Thursday, October 30, 2014

Day 2-350 to Lake Charles and L'Auberge Casino

           "Honey, I think that we should get started about 5:30 am tomorrow." Trust me that these are scary words, but tomorrow is a difficult day as far as scheduling goes. We have a bridge closed from 3-5:00 pm and a lock closure for construction from 7:00 am to 5:00 pm to deal with in a day where we hope to travel 91.9 miles. It is an ambitious schedule, but we had several "back up" anchorages in case the "best case" scenario did not work. The worst case scenario was that we would be delayed and anchor out. The best case scenario was that we would be playing slot machines at L'Auberge Casino and Resort in Lake Charles. Somehow we both managed to sleep well in spite of thoughts of juggling schedules to adjust for possible or real delays....
     We departed the fuel dock/marina at Intracoastal City at 5:30 am. This was an hour or so before sunrise, and you can consider yourself lucky that I did not insert a blank/black slide to show the sky... We had a short 3.4 mile trip to the Leland Bowman Lock. There was some light most of the way from several businesses along the waterway, but there was also a (very low) patchy fog. On the flybridge we were basically above the fog and could see the banks of the waterway through the darkness. Well, going slowly with aid of the chartplotter, AIS and radar, we felt safe. We arrived at the lock, which is a lock designed to prevent salt water intrusion into coastal (fresh water) marsh lands. As we arrived, the gate opened, and we crept forward slowly as the gate closed behind us. Then, almost immediately, the gate in front of us opened. Thus, we never really stopped moving nor did we have to tie up. So, we cleared the lock at 6:09 am, and at that point we were still good to go for our most optimistic day.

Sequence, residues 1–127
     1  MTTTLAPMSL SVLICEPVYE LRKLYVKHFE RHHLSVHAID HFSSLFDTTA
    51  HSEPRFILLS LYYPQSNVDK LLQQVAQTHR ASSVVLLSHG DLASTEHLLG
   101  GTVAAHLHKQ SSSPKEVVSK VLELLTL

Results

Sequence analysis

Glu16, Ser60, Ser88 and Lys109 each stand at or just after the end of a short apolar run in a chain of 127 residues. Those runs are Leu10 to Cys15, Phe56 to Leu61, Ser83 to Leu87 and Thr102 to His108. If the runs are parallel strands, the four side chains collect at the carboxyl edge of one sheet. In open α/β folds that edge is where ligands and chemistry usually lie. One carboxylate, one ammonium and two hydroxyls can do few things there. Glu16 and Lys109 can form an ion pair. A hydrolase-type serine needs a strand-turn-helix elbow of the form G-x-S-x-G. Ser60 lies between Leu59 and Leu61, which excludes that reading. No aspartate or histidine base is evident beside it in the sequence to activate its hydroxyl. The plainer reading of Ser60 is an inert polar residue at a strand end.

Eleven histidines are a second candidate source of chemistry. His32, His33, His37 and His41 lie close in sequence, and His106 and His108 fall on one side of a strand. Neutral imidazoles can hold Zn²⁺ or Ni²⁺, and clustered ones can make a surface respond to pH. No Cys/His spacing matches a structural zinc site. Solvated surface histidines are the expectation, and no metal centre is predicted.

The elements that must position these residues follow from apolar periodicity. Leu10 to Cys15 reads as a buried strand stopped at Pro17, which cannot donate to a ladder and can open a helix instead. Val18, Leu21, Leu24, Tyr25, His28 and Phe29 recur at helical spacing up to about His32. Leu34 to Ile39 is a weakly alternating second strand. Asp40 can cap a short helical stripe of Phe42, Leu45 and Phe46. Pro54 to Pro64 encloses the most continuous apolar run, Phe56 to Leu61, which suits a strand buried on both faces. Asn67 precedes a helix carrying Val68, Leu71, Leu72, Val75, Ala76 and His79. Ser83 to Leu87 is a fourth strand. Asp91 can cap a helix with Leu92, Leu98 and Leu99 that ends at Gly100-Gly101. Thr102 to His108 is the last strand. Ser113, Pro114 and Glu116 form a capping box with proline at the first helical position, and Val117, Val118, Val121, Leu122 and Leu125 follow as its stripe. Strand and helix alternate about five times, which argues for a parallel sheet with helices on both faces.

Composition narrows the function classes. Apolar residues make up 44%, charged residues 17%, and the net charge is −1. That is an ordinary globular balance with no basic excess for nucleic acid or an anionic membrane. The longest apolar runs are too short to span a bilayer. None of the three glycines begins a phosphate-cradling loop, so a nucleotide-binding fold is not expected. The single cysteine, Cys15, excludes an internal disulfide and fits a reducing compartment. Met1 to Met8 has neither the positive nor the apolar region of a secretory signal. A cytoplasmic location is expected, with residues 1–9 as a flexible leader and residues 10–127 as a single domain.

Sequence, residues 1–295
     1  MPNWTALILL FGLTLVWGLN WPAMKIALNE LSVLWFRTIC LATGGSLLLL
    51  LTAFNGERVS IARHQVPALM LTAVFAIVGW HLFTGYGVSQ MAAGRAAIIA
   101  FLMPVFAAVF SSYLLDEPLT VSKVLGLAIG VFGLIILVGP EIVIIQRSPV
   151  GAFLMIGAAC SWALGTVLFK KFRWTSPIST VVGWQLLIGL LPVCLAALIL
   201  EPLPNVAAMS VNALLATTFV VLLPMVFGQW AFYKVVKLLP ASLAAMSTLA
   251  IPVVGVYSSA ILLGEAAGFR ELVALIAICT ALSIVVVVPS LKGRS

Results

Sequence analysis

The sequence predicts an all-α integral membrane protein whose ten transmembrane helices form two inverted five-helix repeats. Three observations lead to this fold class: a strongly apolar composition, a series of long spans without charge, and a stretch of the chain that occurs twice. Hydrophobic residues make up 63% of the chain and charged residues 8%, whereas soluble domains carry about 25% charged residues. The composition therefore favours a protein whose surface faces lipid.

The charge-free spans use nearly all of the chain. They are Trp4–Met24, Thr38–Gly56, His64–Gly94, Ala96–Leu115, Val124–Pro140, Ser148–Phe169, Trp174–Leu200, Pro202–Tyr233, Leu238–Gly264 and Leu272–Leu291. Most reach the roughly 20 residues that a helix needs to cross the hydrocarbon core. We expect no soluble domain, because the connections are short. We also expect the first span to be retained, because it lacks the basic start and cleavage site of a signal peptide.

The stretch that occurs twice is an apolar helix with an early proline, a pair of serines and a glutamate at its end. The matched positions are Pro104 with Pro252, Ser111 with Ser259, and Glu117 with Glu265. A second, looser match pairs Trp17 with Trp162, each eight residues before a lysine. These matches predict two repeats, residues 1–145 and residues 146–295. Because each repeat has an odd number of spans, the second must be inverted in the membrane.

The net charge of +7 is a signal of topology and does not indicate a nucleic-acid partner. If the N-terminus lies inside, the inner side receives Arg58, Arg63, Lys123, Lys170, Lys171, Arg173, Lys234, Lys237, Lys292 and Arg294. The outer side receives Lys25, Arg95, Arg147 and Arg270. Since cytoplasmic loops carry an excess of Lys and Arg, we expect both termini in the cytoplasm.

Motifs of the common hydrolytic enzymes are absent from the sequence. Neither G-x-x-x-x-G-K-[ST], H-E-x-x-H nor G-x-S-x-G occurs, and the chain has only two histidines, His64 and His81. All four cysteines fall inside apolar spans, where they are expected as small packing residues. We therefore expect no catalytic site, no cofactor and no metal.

At that point we had 68.1 miles to go in 9 hours to get to a pontoon bridge before it closed at 3:00 pm for 2 hours. However, it was still dark with some scattered fog so progress remained slow. By about 7:30 am the fog had mostly burned off, and we were able to go at our normal cruising speed. A quick calculation showed that if we had no prolonged adverse tidal currents that we should reach the pontoon bridge about 2:30 pm.
      It was about at this point that we learned another new towboat term. The picture at the right shows at towboat with a hydraulic helm station that goes up/down depending upon the height of the barge. We have seen plenty of these, but we had never heard them referred to as a "jack up" towboat. I hope that this little tidbit of knowledge totally makes your day (ha, ha).
     At this point, the Admiral took the controls so that I could take a nap. It had been a busy and somewhat tense trip so far, but I managed a nice 1.5 hours of sleep. We managed to keep our average speed at just over 8 mph in spite of some adverse as well as friendly currents.
      We did not have a lot of time to take pictures today since we were pretty busy. However, I did get another photo of a "spool" on a barge. ha ah.